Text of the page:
Brenton was a genius when it came to school and stuff, but he was real stupid when it came to other stuff. I remember one time this reality TV show was hot and everybody was talking about it. I mean everybody. And we were all at recess talking about it and Brenton comes out and says something like, "I never heard of that show." We all just looked at him. It was like not knowing the sun was in the sky. And they say I'm dumb!

That's just the way Brenton is. He doesn't know or care about the stuff that normal people care about. We all thought he was a dork. Well, probably Judy didn't, 'cause she's a genius too.

Sam Dawkins, grade 5

Most kids at least try to act cool in some way. You know, like they'll get T-shirts with cool logos on them or they'll get a cool bike or listen to cool music. They may not be cool themselves, but they make themselves cool by having cool stuff or hanging around with cool people. But Brenton, he didn't even make the effort.

Brenton Damagatchi, grade 5

What does "cool" mean, anyway? Did you know that Abraham Lincoln once said "That is cool"? It's true. I looked it up. He said it in his famous Cooper Union speech. Google it if you don't believe me.

I feel that a person can change himself or herself no more than a giraffe can decide it doesn't like having a long neck. It would be easy enough to buy the latest clothes and watch the hot new TV shows and surround myself with cool things. But that wouldn't make me cool. Nothing will ever make me cool. Some people are simply destined not to be cool. And I'm cool with that.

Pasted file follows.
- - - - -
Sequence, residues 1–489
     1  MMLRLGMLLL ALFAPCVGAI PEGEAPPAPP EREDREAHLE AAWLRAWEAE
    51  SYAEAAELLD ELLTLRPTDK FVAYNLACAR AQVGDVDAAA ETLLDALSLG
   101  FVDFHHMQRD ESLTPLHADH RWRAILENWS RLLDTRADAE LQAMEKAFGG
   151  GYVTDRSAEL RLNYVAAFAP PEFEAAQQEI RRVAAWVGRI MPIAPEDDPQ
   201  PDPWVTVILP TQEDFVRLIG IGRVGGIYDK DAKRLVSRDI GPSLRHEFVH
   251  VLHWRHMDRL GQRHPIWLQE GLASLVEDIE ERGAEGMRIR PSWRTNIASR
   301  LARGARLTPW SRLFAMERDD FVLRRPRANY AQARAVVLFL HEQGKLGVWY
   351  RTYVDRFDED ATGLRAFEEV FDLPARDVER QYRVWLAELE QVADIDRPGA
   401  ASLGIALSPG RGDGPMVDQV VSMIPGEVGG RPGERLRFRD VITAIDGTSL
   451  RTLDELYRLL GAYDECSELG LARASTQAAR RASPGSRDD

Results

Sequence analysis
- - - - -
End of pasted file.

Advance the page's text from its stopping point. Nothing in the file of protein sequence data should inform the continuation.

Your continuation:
If everybody was cool, everybody would be the same. Nobody would be cooler than anyone else. There would be nobody to make fun of. So I suppose I serve a purpose, in a weird way.

Miss Rasmussen, fifth-grade teacher

Our claim to fame at the Grand Canyon School is that we are the closest school to the Grand Canyon. We're about a half a mile from the South Rim. If you've ever been to the canyon, our school is south of El Tovar and near Bright Angel. We go all the way from kindergarten to twelfth grade, and I believe we have the only high school that is in a national park.